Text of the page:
If you have the rear le bumper, you can add a 2ed car battery to the quad. Just wire them in parallel other wise you will burn up your bike.
 

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Just get an ODYSSEY PC680 and you won't have to worry about a dead battery......That's what I did.
 

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I got hte Pc680 as well and have NEVER had an issue wiht it draining down while plowing, and that's with 4 strobes, HID's, auxillary 55W flood lights on my racks and hand warms on high. I plow about 8 driveways around here as well, so it's not a 10 minute job. With a stock battery, after 3 drives I was really struggling with the battery.

Enough said. :)
 

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Just a quick note on the above problem. Concrete WILL conduct electricity, it actually makes a really good ground. If you have a battery with a short in one cell, it will allow the battery to disepate to ground if the negative has a true earth ground, wich would be provided through the blade, eliminating the isolated system.
 

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Discussion Starter #18
well I got a new batt.. for X-mas and so far so good as long as I leave the blade up and not on the ground.. we got 25" of snow over the weekend and it got a work out for awhile. but after awhile I had no where to push it anymore so had to break out the snow blower.... thank you all for your 2-cents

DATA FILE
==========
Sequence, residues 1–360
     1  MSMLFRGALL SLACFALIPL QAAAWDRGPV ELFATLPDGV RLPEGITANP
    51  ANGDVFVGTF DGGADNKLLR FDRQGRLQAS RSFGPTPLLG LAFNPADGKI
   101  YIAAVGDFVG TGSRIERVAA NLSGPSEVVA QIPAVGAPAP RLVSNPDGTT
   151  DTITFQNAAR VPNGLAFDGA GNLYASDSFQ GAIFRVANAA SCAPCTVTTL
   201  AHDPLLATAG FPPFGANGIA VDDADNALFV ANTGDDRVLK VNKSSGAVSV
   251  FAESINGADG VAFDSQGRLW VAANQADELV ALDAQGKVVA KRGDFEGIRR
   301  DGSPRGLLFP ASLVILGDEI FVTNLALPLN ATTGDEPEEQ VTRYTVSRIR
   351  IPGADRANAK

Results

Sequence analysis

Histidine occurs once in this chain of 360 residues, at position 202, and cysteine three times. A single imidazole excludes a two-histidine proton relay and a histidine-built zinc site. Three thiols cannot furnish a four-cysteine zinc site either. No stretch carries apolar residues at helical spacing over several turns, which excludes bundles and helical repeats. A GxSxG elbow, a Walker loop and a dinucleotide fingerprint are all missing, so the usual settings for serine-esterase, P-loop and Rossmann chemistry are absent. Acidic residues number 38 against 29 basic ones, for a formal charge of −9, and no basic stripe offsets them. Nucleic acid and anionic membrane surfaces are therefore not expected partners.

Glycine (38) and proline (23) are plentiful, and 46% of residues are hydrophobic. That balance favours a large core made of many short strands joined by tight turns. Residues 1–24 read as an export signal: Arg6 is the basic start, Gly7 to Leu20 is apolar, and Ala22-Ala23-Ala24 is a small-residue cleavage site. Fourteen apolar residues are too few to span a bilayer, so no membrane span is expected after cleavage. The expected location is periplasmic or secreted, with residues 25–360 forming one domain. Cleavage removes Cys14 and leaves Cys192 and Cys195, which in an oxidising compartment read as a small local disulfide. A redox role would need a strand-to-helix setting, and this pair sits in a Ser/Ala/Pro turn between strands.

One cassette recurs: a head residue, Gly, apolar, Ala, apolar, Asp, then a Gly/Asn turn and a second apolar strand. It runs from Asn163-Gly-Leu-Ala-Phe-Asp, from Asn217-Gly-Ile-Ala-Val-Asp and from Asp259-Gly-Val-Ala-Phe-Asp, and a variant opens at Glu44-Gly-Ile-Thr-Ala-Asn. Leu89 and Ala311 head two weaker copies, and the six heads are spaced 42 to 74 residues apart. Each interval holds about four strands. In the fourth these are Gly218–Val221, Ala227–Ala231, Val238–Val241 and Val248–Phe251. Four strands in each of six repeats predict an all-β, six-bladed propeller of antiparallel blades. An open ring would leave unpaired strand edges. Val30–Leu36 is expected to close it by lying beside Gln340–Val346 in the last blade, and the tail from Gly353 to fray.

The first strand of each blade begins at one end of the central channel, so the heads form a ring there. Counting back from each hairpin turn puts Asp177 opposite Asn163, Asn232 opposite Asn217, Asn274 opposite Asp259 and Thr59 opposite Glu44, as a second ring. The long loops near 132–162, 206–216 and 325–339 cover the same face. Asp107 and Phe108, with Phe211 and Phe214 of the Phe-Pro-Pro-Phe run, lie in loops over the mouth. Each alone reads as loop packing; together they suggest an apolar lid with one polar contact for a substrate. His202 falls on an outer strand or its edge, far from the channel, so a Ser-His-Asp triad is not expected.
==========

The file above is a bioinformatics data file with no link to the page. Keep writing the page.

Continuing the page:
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<div class='quotetop'>QUOTE (locator441 @ Dec 29 2009, 03:47 PM) <{POST_SNAPBACK}></div>
well I got a new batt.. for X-mas and so far so good as long as I leave the blade up and not on the ground.. we got 25" of snow over the weekend and it got a work out for awhile. but after awhile I had no where to push it anymore so had to break out the snow blower.... thank you all for your 2-cents[/b]

JMO but you probably shouldn't leave a load on your winch.
 

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<div class='quotetop'>QUOTE (CJM @ Dec 23 2009, 06:49 PM) <{POST_SNAPBACK}></div>
Just a quick note on the above problem. Concrete WILL conduct electricity, it actually makes a really good ground. If you have a battery with a short in one cell, it will allow the battery to disepate to ground if the negative has a true earth ground, wich would be provided through the blade, eliminating the isolated system.[/b]

Sanny, did you read this....my theory proven. :moon:

Well not exactly but, :lol: I like what CJM said.

Where are all the electrical engineers when you need one??